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Triple Handshake Attacks Target TLS Resumption, Renegotiation


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A team of researchers has published a paper that explains a number of attacks against websites and Web-based applications running TLS. The researchers’ techniques do not exploit implementation errors, the most common attack vector against encryption securing online communication, instead focus on exploiting features of the protocol that include session resumption followed by client authentication during session renegotiation.


The paper, called “Triple Handshakes and Cookie Cutters: Breaking and Fixing Authentication over TLS,” describes in detail how an attacker can use a man-in-the-middle attack to successfully impersonate a TLS client in attacks against TLS renegotiations, wireless networks, challenge-response protocols and channel-bound cookies.

Written by Karthikeyan Bhargavan, Antoine Delignat-Lavaud and Alfredo Pironti of the Prosecco research team at INRIA Paris-Rocquencourt, C’edric Fournet at Microsoft Research, Cambridge, and Pierre-Yves Strub of the IMDEA Software Institute, the paper demonstrates how an attacker could force a client running TLS to connect to an attacker-controlled server with an authenticated credential. The attacker’s server will then be able to impersonate the client at another server accepting the same credential, via single sign-on, for example.

“Concretely, the malicious server performs a man-in-the-middle attack on three successive handshakes between the honest client and server, and succeeds in impersonating the client on the third handshake,” the researchers wrote.

The researchers said their attacks work against leading browsers, VPN applications, and HTTPS libraries; different takes on the attacks that do not rely on renegotiation, for example, can enable spoofing of other TLS authentication such as PEAP, SASL and Channel ID.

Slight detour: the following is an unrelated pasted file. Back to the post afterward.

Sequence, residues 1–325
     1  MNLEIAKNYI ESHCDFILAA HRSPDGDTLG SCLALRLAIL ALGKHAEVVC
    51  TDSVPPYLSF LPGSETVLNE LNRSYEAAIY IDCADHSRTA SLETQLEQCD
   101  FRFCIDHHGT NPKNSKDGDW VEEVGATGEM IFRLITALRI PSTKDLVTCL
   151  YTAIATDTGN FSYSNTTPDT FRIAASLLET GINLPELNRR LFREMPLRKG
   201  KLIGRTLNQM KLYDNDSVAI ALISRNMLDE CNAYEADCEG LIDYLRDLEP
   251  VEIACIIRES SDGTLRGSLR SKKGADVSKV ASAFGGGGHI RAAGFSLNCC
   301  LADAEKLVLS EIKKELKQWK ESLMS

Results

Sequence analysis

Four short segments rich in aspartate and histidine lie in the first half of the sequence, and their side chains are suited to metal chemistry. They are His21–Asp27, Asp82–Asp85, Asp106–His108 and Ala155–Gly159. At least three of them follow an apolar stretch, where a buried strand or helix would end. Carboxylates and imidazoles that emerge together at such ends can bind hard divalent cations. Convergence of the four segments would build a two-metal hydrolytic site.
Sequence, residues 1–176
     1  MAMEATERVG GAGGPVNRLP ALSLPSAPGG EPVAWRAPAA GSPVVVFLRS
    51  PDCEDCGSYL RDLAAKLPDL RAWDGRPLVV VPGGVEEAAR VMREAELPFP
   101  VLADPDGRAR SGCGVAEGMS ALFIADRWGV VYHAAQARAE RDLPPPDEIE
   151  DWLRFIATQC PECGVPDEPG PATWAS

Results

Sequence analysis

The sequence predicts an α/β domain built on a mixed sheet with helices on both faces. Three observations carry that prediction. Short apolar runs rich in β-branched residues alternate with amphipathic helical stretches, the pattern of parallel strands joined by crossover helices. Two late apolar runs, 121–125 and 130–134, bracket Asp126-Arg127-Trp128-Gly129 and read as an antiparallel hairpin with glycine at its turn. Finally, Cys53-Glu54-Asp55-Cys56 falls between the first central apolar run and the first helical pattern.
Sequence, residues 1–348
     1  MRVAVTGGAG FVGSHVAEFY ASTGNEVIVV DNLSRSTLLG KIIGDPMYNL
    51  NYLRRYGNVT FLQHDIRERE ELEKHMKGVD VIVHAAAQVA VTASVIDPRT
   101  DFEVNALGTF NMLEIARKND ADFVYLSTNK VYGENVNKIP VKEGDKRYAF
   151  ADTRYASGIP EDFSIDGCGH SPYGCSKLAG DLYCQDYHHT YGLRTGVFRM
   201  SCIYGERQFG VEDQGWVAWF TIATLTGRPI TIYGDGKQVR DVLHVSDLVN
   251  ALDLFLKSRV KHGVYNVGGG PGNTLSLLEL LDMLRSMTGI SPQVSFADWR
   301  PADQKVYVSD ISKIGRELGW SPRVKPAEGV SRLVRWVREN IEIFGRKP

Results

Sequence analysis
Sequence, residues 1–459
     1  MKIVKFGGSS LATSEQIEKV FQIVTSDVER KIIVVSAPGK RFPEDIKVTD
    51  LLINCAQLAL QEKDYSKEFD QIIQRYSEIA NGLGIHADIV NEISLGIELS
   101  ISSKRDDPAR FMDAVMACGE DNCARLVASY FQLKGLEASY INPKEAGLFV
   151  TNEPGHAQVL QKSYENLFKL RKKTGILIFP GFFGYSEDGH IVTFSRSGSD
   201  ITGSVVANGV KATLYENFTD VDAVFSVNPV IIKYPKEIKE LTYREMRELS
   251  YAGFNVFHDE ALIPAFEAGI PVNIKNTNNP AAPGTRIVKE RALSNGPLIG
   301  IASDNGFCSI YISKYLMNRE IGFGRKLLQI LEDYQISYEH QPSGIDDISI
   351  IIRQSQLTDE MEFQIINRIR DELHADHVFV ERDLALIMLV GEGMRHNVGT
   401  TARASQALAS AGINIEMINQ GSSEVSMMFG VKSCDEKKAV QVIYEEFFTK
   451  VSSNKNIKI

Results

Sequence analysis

“Our attacks exploit a lack of cross-connection binding when TLS sessions are resumed on new connections,” the researchers wrote. “Moreover, our attacks do not require an active network adversary but can be mounted only with a malicious server or website.”

The researchers dug into four TLS weaknesses, starting with a problem in the RSA handshake that enables impersonation via an unknown key-share attack, as well as another weakness in the Diffie-Hellman Exchange handshake where an attacker can use a man-in-the-middle attack between the client and server to steal sessions sharing the same keys, a different take on the same unknown key-share attack.

Session resumption on a new connection exhibits another weak link exploiting the fact that it uses an abbreviated handshake that can be forwarded between connections and accepted because it does not re-authenticate the client and server identities.

The fourth TLS issue happens during renegotiation, the researchers said, where the server and client certificates can change and applications are not properly instructed how to deal with changes and may not implement the best cert for the situation.

The researchers disclosed the vulnerabilities to a number of vendors, including the major browser vendors Apple, Google, Microsoft and Mozilla, all of which implemented a patch or some mitigation. OpenSSL, GnuTLS and GNU SASL said mitigations are pending.


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